In the end, what preoccupies the moviemakers is not the remarkable fact that it took only months to train two disenfranchised 18-year-olds from India, with little athletic experience, to become successful professional players. It is one of the more remarkable stories in American baseball history and deserves a better look at the talent, sacrifice and commitment that went into the transformation, primarily that of the Indian young men, operating far from their milieu. (Rinku Singh is a left-handed pitcher with the Pittsburgh Pirates organization and Dinesh Patel is a right-handed pitcher who also played with the Pirates organization. Along with Rinku, he was the first Indian national ever to sign a contract with a major American sports club.)

But as the title suggests, the film, a template of the American success story, is a paean to the ingenuity of entrepreneurs who scour the globe for human investments that can yield millions. And, it always helps to have a good woman who can turn, like water into wine, a cold venture into a warm family relationship, making the project worthy of the Disney feel-good movie assembly line.

Words and Pictures

“Then, with unfettered courage

The poet looks at the future,

And the world, like a noble dream,

Lies before him, cleansed and purified.”

—Mikhail Lermontov

Veteran Australian director Fred Schepisi, known for Six Degrees of Separation (1993), A Cry in the Dark (1988), and The Chant of Jimmie Blacksmith (1978), laudably sets out to explore the role of art in his new movie, Words and Pictures.

The film is set in an elite American prep school, in which an English Honors teacher and recognized poet, Jack Marcus (Clive Owen), with a deep love of literature and language, attempts to rejuvenate a class of blasé Ivy League-bound students (“teaching in the era of the undead” to a generation that “has the most agile thumbs in history”).

“[Novelist John] Updike handed you an image never before created,” he passionately declaims to his charges. Between classes he attempts to engage his colleagues in complicated word games. His most amenable sparring partner is Walt (Bruce Davison). Jack knows the meaning and etymology of many words, but, as a human being, he has serious difficulties. He is an alcoholic, and therefore alienated from his son. His job is in jeopardy due to teaching methods that are wearing thin. He is fast becoming a has-been as a teacher and a literary figure.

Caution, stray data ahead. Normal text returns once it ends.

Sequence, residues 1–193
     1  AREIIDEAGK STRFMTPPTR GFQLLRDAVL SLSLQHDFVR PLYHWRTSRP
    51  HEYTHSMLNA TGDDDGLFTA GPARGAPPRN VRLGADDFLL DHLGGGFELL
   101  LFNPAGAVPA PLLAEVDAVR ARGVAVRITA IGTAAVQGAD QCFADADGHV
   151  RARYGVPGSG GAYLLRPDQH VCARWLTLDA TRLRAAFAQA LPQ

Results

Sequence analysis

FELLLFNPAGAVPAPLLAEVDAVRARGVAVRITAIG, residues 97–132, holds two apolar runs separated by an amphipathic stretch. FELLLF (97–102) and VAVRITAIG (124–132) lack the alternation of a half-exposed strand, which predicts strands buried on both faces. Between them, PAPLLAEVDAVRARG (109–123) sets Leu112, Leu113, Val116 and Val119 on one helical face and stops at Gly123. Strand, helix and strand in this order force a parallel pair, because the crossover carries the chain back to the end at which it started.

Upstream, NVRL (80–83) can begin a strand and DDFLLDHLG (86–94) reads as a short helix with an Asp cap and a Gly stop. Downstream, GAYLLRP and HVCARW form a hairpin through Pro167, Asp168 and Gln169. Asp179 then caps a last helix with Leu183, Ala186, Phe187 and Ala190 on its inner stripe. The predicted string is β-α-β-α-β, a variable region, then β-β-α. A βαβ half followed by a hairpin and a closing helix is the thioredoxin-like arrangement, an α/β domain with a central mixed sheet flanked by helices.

Enter Dina Delsanto (Juliette Binoche), a well-known painter, who joins the faculty to teach Honors Art. Dubbed “the Icicle” because of her strictly no-frills personality, Dina is severely afflicted with rheumatoid arthritis, whose progression is affecting her ability to paint (Binoche actually paints in the film and her captivating works are on display). When she tells her students that “words are lies; words are traps,” Dina throws down the gauntlet for a duel between “words and pictures,” that is, between herself and Jack. In brief, their relationship starts in the realm of art, moves on to love, pain and rehabilitation. In the end, they discover the synthesis of words and pictures.

What is most interesting about Words and Pictures is that, at its best, it argues ardently for the “indescribable” power of art to “elevate” reality, permitting a view of the world that is “cleansed and purified” (Lermontov). Very few films today even mention the names of great writers—Shakespeare, Wilde, etc. …

It is therefore unfortunate that when the film is not immediately dealing with the uplifting qualities of art, it is drowned in clichés: two imperfect beings who join together and overcome their imperfections, i.e., a storyline and its execution that are banal and predictable, in desperate need of artistic elevation. Words and Pictures is afflicted with a narrative that deadens the sharpness and freshness of the movie’s main concern—that art has the capability to discover and represent the world anew.